The title song was a phenomenal hit in 1981 when it premiered, and my Mom and Dad were huge Sheena Easton fans after seeing the movie.  The opening credits feature the singer -- nude -- seemingly swimming to the top of frame while she performs.  I was eleven, and this seemed like a BFD.  A naked woman is singing the movie theme song! 

If memory serves, Easton is the only Bond singer to actually appear in the title credits of the film (though Madonna cameos in Die Another Day).  Like Carly Simon’s contribution, “For Your Eyes Only” was nominated for a “Best Song” Oscar.

2. “Goldfinger” (1964) composed by Anthony Newley and John Barry, and performed by Shirley Bassey.

There can be no doubt that this is the archetype, the song that paved the way, certainly for the numbers three and four on this list. 

Goldfinger gave Shirley Bassey her only top forty hit, and the song has also been inducted into the Grammy Hall of Fame.  Bassey really knocks this one out of the park, and the song has the unusual distinction of being a Bond ballad about the villain, rather than 007.  This one is just a total knock-out.

Bassey returned to record two more title songs, Diamonds are Forever and Moonraker, though neither had the same (colossal) impact as the classic Goldfinger.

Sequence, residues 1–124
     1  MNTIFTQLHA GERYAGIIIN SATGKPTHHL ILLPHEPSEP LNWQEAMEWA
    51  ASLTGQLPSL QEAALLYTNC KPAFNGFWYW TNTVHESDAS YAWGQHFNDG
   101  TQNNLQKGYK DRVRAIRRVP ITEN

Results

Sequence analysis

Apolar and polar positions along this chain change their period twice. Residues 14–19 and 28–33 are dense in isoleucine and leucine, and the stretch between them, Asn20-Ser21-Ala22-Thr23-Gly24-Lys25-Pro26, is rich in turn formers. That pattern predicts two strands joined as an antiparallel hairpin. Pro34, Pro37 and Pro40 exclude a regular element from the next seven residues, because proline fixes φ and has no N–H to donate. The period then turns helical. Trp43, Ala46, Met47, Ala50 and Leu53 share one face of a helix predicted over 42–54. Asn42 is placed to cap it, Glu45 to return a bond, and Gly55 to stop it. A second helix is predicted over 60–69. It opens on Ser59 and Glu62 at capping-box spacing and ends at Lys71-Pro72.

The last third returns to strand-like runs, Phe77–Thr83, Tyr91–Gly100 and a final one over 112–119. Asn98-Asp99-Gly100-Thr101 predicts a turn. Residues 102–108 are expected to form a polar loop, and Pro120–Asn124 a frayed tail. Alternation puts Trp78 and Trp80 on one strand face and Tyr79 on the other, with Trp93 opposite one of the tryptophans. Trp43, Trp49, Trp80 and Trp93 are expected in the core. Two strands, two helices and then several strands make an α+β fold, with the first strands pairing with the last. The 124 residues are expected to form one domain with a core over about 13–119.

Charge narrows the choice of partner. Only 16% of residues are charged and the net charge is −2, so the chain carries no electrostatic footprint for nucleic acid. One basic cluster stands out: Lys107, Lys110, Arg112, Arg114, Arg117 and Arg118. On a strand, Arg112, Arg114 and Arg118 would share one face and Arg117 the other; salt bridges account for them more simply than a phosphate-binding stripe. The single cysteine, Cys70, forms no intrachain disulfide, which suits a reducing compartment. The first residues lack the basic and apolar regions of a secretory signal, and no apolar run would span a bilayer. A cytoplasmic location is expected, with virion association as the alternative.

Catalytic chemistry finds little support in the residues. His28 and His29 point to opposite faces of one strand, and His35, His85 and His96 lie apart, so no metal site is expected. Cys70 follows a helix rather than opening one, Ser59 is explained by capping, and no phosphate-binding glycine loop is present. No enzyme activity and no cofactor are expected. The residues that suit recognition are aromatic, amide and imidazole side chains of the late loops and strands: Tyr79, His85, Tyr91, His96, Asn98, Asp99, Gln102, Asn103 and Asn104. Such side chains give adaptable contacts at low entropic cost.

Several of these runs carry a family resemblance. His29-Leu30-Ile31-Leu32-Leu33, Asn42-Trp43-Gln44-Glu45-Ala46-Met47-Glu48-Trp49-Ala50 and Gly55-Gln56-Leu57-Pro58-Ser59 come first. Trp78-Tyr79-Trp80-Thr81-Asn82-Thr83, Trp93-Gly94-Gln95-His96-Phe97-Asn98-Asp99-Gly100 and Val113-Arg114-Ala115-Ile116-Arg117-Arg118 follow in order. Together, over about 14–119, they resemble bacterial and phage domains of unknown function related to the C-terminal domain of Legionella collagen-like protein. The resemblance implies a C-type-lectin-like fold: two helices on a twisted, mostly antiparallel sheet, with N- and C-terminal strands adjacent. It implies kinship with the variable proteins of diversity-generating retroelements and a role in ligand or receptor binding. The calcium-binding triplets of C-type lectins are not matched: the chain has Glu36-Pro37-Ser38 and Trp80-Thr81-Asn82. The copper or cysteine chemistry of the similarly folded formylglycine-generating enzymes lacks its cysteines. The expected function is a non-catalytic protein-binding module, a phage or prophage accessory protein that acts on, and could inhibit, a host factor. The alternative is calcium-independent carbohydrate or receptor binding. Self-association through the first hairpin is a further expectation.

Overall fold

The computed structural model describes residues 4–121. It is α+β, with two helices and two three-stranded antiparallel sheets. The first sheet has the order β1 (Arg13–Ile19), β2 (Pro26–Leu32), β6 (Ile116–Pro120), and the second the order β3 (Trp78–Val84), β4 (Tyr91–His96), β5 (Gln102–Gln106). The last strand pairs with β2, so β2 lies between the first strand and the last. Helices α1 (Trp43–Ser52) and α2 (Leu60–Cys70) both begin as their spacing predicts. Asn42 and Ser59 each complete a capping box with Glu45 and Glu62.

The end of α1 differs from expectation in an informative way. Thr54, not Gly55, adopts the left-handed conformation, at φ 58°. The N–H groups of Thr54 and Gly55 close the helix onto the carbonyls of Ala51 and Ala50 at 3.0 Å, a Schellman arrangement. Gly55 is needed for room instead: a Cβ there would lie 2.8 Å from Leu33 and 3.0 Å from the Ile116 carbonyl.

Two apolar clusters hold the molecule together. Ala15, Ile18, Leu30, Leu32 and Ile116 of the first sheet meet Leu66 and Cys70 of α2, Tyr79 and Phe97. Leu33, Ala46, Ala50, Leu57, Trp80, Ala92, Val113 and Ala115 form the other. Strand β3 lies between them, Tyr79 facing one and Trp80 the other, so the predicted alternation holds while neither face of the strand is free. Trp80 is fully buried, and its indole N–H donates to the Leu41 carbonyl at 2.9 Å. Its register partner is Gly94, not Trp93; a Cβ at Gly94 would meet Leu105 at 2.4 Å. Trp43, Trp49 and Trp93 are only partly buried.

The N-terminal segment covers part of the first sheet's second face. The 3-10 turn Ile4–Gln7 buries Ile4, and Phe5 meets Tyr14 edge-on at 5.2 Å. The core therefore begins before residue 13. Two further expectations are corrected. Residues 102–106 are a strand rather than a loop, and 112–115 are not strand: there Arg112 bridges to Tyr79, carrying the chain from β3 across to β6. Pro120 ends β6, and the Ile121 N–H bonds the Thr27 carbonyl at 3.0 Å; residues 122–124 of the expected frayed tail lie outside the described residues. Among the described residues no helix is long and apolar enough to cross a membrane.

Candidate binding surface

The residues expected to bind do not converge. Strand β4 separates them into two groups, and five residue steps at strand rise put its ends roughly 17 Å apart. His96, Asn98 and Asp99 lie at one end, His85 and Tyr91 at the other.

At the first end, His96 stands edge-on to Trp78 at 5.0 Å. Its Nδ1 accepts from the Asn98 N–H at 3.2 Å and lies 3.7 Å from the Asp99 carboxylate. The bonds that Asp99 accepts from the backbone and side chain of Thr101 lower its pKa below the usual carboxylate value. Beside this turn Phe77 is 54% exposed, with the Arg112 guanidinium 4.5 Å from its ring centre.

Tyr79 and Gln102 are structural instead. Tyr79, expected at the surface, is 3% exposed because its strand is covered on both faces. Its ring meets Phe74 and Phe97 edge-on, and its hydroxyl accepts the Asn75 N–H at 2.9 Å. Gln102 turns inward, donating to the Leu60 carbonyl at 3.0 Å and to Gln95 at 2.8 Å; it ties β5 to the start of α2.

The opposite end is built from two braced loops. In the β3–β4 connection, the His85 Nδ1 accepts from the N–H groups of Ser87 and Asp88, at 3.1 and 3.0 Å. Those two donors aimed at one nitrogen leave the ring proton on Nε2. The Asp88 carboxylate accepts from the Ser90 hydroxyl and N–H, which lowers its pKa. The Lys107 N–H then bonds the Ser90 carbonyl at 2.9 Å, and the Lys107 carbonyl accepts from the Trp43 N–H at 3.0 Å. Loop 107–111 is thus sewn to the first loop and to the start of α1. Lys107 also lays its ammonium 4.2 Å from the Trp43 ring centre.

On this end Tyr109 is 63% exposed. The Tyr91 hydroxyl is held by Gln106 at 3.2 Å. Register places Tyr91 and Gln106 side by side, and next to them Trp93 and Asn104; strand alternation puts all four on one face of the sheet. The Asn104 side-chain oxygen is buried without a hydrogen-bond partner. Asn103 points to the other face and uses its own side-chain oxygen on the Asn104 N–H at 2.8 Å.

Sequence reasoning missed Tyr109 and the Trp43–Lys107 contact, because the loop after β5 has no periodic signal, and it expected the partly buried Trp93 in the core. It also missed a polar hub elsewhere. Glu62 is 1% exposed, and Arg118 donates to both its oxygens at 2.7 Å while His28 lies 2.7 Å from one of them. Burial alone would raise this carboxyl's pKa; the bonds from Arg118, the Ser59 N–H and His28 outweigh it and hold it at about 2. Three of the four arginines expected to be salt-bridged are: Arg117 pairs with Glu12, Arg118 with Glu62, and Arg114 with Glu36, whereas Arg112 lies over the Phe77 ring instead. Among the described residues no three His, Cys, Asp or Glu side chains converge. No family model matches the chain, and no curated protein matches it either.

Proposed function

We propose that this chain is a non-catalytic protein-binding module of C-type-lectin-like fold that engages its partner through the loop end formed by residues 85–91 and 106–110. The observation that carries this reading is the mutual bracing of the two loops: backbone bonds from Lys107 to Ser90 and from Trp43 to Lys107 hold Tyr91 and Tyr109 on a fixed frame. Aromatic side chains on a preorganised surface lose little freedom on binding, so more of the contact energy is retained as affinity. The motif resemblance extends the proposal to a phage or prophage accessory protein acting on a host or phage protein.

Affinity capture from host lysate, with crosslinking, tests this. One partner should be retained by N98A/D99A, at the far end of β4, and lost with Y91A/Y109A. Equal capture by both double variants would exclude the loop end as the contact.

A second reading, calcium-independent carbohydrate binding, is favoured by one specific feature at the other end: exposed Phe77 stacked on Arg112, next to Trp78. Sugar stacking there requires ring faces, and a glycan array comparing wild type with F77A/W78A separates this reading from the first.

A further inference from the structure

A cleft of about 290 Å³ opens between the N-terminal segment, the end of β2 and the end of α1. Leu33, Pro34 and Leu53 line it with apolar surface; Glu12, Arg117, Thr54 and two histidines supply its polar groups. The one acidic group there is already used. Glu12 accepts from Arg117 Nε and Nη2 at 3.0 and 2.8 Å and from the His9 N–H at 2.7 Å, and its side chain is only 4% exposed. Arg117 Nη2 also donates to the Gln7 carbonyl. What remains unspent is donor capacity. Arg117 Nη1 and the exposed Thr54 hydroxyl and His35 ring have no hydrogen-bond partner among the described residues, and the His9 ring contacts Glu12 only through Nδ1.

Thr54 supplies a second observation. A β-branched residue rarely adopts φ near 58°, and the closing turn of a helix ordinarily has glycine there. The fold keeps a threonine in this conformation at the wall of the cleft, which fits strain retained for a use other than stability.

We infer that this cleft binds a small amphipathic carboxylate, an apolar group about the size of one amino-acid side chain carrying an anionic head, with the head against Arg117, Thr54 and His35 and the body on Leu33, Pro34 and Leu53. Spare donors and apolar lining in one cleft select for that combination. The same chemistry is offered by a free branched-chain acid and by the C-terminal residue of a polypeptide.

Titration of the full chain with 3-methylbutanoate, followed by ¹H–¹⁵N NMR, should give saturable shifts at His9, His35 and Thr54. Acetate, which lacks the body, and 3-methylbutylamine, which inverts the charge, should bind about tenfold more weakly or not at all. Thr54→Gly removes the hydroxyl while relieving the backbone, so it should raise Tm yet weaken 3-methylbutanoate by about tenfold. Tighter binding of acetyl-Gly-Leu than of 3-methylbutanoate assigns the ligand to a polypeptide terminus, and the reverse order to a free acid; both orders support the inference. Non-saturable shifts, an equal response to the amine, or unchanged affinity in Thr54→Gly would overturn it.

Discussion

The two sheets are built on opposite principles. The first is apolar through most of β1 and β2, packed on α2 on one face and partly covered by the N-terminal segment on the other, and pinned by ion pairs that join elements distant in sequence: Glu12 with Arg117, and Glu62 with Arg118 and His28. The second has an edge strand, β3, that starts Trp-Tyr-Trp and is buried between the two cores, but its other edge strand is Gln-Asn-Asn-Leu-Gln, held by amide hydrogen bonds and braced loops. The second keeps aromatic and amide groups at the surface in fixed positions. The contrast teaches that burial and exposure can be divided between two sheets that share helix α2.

1. “Live and Let Die” composed by Paul and Linda McCartney, performed by Paul McCartney and Wings.

New decade. New Bond. New sound. 

Live and Let Die captures that aesthetic perfectly. 

It’s a harder-edged tune than some of those that came before, and McCartney’s blazing effort gave the James Bond film series its first nomination for an Academy Award for Best Original Song.  Live and Let Die also rocketed to number #2 on the Billboard Hot 100, and in the early 1990s was memorably covered by Guns’N’Roses. 

My very first James Bond album was Live and Let Die, and boy did I play it out.  Again, you get a kind of punch of adrenaline listening to this one, and that’s exactly the right vibe to begin the 1970s and a new incarnation of 007.


  1. Love what you've got going on with Bond, John. Okay, here's my list (though it's a top 10 so that I cover some of your picks in the larger scheme):
    1. Diamonds Are Forever (Shirley Bassey)
    2. Goldfinger (Shirley Bassey)
    3. You Only Live Twice (Nancy Sinatra)
    4. Live and Let Die (Paul McCartney & Wings)
    5. Nobody Does It Better for ‘The Spy Who Loved Me’ (Carly Simon)
    6. Thunderball (Tom Jones)
    7. For Your Eyes Only (Sheena Easton)
    8. Goldeneye (Tina Turner)
    9. A View To A Kill (Duran Duran) – and the only friggin’ thing I like in the movie!
    10. Moonraker (Shirley Bassey)

    Yes, I'm enamored with all things Bassey, as I explained here. Many thanks.

  2. Absolutely agree with you about Barry's score for A VIEW TO A KILL. In fact, this soundtrack was the second one I ever purchased with my own money (first was Goldsmith's POLTERGEIST)! I played it so much that I wore the cassette tape out and ended up getting it again for my next birthday. The music for the opening action sequence is still one of my all-time favorite pieces of orchestral film music.